Here’s the blurb and the cover… need I say more?

sbFor readers of Jill Shalvis and Susan Mallery, USA Today bestselling author Serena Bell teases all five senses in this poignant, tantalizing novel of fantasies long hidden . . . and finally indulged.

Aspiring chef Lily McKee noticed Kincaid Graves the first time he walked into the dingy diner where she waits tables. With his ice-blue eyes and primal tattoos, his presence puts Lily on edge—and reminds her of all the unfulfilled longings she isn’t pursuing while she’s stuck in this dead-end job. Without a doubt, the man is dangerous to her long-term plans of leaving town and hiring on at a real kitchen—and yet, she hungers for him, if even for just a taste.
Kincaid didn’t come back to his coastal Oregon hometown looking for a good time or a good meal. The ex-con has a score to settle, old wrongs to set right. But Lily, equal parts innocence and insight, brings out an impulsive side of him he thought he’d left behind in the past. And it only takes one intense moment of weakness between them to make him consider the possibility of an entirely new future—and the promise of passion beyond either of their wildest dreams.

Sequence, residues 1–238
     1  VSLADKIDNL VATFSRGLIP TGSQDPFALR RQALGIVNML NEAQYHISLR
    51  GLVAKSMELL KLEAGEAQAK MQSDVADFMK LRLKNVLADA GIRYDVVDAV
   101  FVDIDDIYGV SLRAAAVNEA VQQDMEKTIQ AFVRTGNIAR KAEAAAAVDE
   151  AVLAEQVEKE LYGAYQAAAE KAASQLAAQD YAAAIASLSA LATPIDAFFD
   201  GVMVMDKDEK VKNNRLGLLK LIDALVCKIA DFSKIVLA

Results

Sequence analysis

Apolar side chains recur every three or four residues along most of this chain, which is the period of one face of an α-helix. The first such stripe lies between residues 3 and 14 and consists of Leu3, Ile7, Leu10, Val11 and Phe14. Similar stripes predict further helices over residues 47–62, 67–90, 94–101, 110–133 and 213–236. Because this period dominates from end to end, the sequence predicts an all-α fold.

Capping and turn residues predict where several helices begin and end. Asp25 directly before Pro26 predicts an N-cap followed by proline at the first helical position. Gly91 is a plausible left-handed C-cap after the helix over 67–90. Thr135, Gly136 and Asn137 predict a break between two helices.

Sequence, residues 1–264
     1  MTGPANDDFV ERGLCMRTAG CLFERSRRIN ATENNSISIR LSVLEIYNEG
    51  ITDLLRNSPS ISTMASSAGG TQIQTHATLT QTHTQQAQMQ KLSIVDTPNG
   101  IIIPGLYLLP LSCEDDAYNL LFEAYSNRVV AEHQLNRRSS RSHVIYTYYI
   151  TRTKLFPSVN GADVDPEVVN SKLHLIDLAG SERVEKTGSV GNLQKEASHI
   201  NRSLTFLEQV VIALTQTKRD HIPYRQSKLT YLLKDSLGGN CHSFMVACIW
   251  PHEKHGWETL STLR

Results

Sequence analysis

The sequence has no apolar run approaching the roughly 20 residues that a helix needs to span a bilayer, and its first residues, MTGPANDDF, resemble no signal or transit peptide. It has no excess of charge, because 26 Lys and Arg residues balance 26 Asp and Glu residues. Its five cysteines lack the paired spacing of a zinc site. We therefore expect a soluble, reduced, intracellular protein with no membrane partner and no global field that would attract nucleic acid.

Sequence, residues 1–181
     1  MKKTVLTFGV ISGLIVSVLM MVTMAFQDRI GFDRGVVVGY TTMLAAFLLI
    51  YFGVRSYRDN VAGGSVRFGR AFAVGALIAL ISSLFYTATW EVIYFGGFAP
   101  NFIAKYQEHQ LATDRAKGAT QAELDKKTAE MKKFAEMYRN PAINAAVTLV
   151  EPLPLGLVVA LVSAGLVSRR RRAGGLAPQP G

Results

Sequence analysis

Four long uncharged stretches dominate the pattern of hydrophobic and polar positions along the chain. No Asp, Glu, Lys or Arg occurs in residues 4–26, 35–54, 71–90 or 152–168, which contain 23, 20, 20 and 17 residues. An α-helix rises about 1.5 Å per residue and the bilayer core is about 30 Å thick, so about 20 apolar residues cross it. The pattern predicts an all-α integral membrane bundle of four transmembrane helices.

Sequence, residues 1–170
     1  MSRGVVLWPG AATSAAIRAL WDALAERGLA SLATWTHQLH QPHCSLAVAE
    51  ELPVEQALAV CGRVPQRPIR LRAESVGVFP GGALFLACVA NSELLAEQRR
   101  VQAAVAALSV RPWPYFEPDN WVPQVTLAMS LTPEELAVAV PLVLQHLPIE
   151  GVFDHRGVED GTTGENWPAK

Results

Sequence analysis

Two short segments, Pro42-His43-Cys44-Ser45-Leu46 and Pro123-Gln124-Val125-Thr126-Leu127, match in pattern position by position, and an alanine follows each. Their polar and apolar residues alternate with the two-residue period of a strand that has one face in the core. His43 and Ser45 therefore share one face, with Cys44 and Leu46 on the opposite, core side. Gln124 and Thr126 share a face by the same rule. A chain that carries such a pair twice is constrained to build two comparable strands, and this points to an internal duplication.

Ice cream and Italy


Book Giveaway VettoriThe release of a new book is always a big moment and it’s been a year since the last one so I’m pretty excited about Vettori’s Damsel in Distress

It’s also the wind up to the story of the Amery sisters and their adventures in ice cream; they’ve been a part of my life on and off for the best part of five years so I’m making a big of a song and dance about it.